Discovering Kurdistan

World Monuments Fund

Beginning in 2012, World Monuments Fund launched a training program in Erbil in the Kurdish region of Iraq. This initiative allowed WMF and course participants to immerse themselves in discovering the treasures of Kurdistan, a diverse landscape filled with historic sites, influenced by the many groups that have left their mark throughout history.

Citadel of Erbil
Settled more than 8,000 years ago, Erbil Citadel is thought to be one of the longest continuously inhabited sites in the world. The Citadel, which rises some 30 meters above the plain, is surrounded by a lower town that developed in the modern city of Erbil. 

Today, as the capital of Iraq’s Kurdistan region, Erbil Citadel remains very much a living city. Decades of civil unrest however, have taken their toll on the ancient Citadel buildings, many of which lack electricity and proper drainage and sanitation systems.

WMF included Erbil Citadel on the 2000, 2002, & 2004 World Monuments Watch in an effort to provide conservation and technical assistance, critical to the future of the city as a whole.

In 2014, the Erbil Citadel became a World Heritage Site, following the first systematic archaeological excavations on the site in 2013.

Recent developments in Iraq bring with them an opportunity through which conservation work and repair of the citadel might begin. However, funds and technical assistance are critical to the future of the city of Erbil as a whole.

Khinnis
The great relief at Khinnis was carved around the beginning of 7th century BC to commemorate the construction of a canal,  serving as the head of a great engineering system that provided water to Nineveh, the new Assyrian Imperial capital. An inscription at the site contains the account of the civil works in Assyria, including a brutal sack of Babylon of 689 AD. 

The cliff is decorated with reliefs of the king, deities, animals, mythical figures, and cuneiform inscriptions celebrating Assyrian King Sennacherib’s achievements, describing the politics and ideology of the Assyrian Empire.

In addition, the Khinnis reliefs represent Sennacherib’s accomplishments in agriculture, engineering, land management, and economic systems.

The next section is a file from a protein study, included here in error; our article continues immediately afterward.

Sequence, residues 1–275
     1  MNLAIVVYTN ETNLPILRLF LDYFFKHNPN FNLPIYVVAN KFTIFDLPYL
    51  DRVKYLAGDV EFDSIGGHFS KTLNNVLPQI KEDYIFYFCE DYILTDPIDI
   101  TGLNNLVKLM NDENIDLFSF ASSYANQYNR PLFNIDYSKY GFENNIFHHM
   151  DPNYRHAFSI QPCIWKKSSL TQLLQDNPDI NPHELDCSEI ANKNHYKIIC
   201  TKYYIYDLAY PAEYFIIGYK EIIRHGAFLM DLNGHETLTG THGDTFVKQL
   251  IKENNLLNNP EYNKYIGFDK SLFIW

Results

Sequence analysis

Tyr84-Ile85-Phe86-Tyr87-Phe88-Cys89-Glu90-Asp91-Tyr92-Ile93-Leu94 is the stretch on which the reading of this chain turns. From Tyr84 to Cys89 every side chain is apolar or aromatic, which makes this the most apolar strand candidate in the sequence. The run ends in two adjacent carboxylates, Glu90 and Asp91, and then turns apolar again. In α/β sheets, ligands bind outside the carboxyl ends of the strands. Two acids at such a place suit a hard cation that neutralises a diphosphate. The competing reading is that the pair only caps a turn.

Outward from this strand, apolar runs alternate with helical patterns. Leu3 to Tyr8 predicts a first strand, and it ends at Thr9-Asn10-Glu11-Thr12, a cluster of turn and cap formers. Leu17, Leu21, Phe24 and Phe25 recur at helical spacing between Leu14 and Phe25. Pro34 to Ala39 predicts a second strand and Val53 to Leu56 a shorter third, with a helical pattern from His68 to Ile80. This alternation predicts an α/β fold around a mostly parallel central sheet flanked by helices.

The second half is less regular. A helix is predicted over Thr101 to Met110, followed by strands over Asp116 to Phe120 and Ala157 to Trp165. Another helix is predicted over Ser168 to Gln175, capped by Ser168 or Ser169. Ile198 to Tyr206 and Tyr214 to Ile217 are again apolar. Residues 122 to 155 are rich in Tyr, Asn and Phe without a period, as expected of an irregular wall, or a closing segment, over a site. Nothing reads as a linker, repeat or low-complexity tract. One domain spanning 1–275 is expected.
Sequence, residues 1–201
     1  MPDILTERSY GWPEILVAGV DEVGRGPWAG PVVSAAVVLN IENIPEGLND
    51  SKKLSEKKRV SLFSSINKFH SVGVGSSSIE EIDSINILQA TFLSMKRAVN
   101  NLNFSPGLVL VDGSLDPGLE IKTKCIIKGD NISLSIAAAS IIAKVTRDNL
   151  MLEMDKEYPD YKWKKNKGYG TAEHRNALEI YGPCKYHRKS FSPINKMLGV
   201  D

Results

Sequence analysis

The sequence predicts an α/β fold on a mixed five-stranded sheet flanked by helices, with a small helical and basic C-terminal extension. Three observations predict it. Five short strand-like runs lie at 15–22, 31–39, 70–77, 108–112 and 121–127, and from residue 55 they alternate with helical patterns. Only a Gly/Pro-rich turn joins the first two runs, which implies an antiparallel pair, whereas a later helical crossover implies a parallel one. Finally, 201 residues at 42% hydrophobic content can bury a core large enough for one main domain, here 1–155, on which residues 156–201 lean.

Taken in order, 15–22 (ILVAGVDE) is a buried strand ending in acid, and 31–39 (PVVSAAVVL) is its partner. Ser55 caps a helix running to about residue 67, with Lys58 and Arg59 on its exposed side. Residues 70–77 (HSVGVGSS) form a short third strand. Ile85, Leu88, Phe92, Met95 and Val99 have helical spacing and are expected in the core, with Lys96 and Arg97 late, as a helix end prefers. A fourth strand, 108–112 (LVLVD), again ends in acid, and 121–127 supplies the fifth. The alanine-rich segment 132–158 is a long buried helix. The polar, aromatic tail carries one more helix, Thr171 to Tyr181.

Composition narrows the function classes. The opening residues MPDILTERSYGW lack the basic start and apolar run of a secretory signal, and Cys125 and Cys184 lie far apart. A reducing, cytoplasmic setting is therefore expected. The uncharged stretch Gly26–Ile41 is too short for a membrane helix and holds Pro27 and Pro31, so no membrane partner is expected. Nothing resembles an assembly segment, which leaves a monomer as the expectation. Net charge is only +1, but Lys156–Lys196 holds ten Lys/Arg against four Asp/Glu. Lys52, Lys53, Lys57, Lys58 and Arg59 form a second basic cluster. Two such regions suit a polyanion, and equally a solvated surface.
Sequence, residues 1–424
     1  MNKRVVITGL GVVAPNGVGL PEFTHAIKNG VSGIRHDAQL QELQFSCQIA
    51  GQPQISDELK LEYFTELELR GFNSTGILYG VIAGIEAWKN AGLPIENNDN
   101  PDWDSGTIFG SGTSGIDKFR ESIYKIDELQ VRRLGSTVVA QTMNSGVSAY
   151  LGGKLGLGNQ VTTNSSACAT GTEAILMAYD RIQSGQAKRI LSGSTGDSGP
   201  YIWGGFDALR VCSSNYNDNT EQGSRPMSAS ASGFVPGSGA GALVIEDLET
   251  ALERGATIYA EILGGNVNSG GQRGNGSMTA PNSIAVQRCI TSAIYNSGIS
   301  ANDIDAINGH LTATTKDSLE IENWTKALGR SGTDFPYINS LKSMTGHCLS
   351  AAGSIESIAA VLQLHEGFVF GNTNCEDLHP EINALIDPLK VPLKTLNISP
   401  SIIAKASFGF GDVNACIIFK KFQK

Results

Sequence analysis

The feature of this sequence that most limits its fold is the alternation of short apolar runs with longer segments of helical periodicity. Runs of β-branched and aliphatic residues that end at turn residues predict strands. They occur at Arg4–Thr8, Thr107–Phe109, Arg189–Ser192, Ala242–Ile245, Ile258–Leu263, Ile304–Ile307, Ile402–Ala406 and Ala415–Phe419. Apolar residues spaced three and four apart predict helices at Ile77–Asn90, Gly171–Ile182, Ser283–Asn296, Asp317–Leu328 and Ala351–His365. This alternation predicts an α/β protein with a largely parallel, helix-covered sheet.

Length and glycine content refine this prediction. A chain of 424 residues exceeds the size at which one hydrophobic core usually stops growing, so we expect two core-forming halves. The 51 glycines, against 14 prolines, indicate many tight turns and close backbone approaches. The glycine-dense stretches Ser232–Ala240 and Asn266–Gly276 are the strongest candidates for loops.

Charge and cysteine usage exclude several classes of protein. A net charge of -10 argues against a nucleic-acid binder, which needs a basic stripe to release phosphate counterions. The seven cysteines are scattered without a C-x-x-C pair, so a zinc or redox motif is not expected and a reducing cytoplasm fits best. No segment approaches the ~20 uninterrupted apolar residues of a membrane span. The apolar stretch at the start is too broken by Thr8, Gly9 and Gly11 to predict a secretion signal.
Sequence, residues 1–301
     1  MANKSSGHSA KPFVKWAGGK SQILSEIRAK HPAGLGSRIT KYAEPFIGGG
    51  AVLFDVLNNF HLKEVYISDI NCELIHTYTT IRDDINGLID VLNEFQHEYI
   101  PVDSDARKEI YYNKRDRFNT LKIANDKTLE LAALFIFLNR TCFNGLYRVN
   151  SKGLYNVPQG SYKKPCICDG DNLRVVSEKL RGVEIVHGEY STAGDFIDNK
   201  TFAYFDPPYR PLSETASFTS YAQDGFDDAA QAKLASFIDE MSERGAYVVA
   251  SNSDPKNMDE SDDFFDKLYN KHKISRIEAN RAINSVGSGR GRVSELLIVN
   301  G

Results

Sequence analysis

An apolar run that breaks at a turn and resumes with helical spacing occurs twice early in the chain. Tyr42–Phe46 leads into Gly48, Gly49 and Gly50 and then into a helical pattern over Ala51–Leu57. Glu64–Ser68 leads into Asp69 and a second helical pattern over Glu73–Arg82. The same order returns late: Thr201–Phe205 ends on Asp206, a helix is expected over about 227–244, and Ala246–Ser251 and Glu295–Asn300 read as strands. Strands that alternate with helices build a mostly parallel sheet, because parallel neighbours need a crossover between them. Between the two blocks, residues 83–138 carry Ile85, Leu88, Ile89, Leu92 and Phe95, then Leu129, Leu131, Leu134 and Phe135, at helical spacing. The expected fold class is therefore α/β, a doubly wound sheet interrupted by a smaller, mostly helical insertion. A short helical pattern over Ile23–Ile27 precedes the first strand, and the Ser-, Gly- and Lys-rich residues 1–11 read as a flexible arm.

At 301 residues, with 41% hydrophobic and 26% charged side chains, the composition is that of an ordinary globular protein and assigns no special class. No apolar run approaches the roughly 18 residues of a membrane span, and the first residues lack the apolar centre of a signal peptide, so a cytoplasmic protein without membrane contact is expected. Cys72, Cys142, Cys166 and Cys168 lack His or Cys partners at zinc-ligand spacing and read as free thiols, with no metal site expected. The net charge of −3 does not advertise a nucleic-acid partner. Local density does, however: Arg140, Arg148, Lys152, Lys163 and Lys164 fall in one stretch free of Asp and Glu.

The use of the site, including the quarries and reliefs, in late antiquity indicate its importance throughout the centuries. Today the reliefs are threatened by encroaching development, and in need of more comprehensive heritage management planning, also requiring conservation work, as the stone surfaces suffer from exfoliation and staining caused by water runoff and the quality of the limestone.

Khinnis was included on the 2014 World Monuments Watch to increase awareness of heritage assets in the area and improve visitor experiences through fuller interpretation.

Koya
Koya is located some 60 kilometers from Erbil, containing a number of well-hidden heritage sites scattered around the towns. 

The Qaisari Bazaar in Koya is an impressive structure containing expansive areas of older, possibly Ottoman-period market stalls and residential areas. An ornate gateway marks the entrance to an ancient caravan.

Lalish
An actively used shrine for the Yezidi religious community, Lalish draws pilgrims and visitors from many areas. Shown is the entrance to the tomb of the venerated Sheikh Adi. A snake relief decorates the right side of the entrance. 

Holy areas including sacred springs, rooms of blessed bread, and jars of olive oil add to the spiritual nature of the place.

Maltai
As canals are often associated with carved reliefs, it's possible that the three relief panels located in Maltai, dating to the 7th century BC, mark the head of a now unknown canal system. Sculpted into cliffs opposite the town of Maltai, some 70 kilometers north of present-day Mosul, the panels are located in a mountainous area, and are considered to be the best preserved canal reliefs. 

This scene depicts seven Assyrian mountain deities.

The panels today suffer damage from weathering and graffiti.

Dalal Bridge
Located in Zakho, the Dalal Bridge is an impressive structure of quarried limestone crossing the Khabur river. Despite its good state of preservation, there is not an exact date for its construction, and it is often attributed to the Abbasid period. However, the structure may be of the Roman period due to its similarity to a bridge located in northern Syria.
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